5,591 research outputs found

    Inverted-S Antenna with Wideband Circular Polarization and Wide Axial Ratio Beamwidth

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    A novel broadband circularly polarized (CP) antenna with wide axial ratio (AR) beamwidth is proposed. It is composed of two curved arms shaped like an inverted “S”. The mechanisms of wideband CP operation and wide AR beamwidth are explained. To validate the concept, a prototype at C-band is manufactured and measured. Experimental results confirm that the antenna achieves an impedance bandwidth of 63% and a CP bandwidth of 42%. Furthermore, maximum AR beamwidth of 140o is achieved and wide AR beamwidth can be maintained in a frequency bandwidth of 35% in nearly all elevation planes. In addition, the antenna has the advantage of being easily extended to arrays. A 4-element array using the proposed antenna is investigated through both simulations and experiments, and achieves 60% CP bandwidth and wide AR beamwidth. The proposed inverted-S antenna can realize wide CP bandwidth and wide AR beamwidth, and is easy to form wideband CP arrays

    Planar Ultra-Thin Small Beam-Switching Antenna

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    A novel planar ultrathin electronically steerable parasitic array radiator (ESPAR) is presented in this paper. Through theoretical analysis of the electric fields of orthogonally crossed dipoles in phase quadrature, it is found that the crossed dipoles radiate linearly polarized wave with a rotational electric field in the azimuth plane. This characteristic is then utilized to design a planar crossed dipole ESPAR, termed as “CD-ESPAR.” Furthermore, a simple but effective impedance matching method is also proposed and analyzed. To verify these concepts, a prototype with compact size and very low profile (0.42 ?0 × 0.42 ?0 ×0.006 ?0) resonating at 2.3 GHz is designed, fabricated, and measured. The measured results indicate that the proposed antenna achieves more than 17.8% impedance bandwidth and can produce four directional beams, covering the whole azimuth plane. Owing to its planar ultrathin structure, compact size, electronically beam-switching ability, low power, and low cost characteristics, it is promising for applications in wireless communication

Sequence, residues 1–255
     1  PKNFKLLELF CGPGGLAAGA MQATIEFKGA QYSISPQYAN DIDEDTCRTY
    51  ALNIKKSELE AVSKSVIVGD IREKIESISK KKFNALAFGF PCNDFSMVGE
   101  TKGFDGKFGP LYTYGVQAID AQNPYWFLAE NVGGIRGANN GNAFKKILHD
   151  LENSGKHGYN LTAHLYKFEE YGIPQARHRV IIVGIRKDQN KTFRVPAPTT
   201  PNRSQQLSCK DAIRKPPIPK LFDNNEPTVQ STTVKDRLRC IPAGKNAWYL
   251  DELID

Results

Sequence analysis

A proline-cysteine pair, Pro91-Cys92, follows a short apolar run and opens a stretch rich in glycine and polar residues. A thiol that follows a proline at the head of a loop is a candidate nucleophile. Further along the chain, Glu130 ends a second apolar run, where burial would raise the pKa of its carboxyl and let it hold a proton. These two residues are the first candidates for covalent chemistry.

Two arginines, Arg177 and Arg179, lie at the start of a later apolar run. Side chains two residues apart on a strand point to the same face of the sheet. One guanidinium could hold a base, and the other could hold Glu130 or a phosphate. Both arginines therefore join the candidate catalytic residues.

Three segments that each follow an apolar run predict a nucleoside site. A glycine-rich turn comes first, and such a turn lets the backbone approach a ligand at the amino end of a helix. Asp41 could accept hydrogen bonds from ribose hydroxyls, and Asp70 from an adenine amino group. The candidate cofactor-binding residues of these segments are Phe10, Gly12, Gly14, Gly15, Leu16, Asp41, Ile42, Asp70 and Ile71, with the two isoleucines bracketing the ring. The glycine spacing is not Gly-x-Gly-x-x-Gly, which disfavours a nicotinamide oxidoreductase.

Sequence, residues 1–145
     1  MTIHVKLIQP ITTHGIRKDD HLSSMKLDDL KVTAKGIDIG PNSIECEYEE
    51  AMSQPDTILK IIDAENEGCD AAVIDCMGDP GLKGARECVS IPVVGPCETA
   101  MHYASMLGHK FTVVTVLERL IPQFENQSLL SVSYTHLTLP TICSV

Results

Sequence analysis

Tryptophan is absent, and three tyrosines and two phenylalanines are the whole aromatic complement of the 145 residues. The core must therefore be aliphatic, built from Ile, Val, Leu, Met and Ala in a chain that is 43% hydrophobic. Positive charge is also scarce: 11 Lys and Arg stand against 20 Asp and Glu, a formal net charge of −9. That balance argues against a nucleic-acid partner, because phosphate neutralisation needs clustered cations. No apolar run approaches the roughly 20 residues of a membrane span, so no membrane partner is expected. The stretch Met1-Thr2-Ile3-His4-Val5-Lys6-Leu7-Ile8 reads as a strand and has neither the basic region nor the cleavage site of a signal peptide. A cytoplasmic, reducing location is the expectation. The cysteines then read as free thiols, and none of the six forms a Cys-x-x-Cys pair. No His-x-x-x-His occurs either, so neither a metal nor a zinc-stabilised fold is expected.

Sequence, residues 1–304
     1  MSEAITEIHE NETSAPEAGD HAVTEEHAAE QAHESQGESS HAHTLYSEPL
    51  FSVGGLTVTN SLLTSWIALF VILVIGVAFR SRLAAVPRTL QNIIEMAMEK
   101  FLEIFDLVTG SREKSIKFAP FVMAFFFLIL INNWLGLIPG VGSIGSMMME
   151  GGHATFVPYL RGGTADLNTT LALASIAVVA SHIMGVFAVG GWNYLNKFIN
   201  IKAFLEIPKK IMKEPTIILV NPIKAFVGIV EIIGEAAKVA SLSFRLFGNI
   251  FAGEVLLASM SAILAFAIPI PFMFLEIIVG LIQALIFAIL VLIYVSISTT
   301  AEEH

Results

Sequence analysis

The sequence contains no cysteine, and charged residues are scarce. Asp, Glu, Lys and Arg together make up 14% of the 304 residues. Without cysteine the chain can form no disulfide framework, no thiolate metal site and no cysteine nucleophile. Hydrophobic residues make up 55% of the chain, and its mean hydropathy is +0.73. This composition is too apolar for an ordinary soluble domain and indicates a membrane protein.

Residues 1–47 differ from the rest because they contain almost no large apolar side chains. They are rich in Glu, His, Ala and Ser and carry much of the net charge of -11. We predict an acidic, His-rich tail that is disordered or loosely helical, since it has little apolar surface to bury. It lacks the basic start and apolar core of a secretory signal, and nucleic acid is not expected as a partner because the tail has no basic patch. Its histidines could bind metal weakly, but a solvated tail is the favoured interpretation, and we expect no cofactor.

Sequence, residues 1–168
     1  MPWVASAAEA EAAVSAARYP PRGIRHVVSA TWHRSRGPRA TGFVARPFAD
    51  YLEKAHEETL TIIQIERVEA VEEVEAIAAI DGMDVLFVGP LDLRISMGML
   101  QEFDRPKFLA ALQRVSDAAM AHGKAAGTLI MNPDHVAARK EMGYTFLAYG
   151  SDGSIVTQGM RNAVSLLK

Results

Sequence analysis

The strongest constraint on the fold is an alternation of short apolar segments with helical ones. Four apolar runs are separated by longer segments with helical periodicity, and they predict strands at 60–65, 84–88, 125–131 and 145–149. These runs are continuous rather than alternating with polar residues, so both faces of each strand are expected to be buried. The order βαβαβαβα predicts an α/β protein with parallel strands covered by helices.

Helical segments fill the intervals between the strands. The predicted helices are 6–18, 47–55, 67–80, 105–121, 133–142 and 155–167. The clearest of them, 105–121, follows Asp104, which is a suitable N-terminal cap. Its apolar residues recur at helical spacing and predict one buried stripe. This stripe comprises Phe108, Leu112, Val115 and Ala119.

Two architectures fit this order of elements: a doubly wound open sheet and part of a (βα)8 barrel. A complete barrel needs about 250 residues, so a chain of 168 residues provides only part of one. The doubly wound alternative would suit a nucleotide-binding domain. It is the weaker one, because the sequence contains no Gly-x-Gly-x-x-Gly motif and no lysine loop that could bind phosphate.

Wideband Loop Antenna with Electronically Switchable Circular Polarization

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    This paper presents a novel printed antenna with wide bandwidth, high gain and reconfigurable circular polarizations. A loop antenna is printed on both sides of a dielectric substrate: a dual PIN diode loaded loop is printed on one side while a dual gap loaded smaller loop is printed on the other side. By controlling the ON/OFF states of the PIN diodes, the polarization of the proposed antenna can be switched electronically to right-hand circular polarization (RHCP) or left-hand circular polarization (LHCP) over a wideband frequency range. A prototype is fabricated and measured to verify the performance of the antenna. The measured results indicate that the antenna achieves an impedance bandwidth of over 30%, and a 3-dB axial ratio (AR) bandwidth of 12.7% and 14.9% for RHCP and LHCP, respectively. The measured gain is around 8 dBic for LHCP state and 7 dBic for RHCP state. Due to advantages of wide overlapped bandwidth, simple feeding structure and high gain, this antenna is promising for applications in dual-CP wireless communication systems

    The chiral phase transition in charge ordered 1T-TiSe2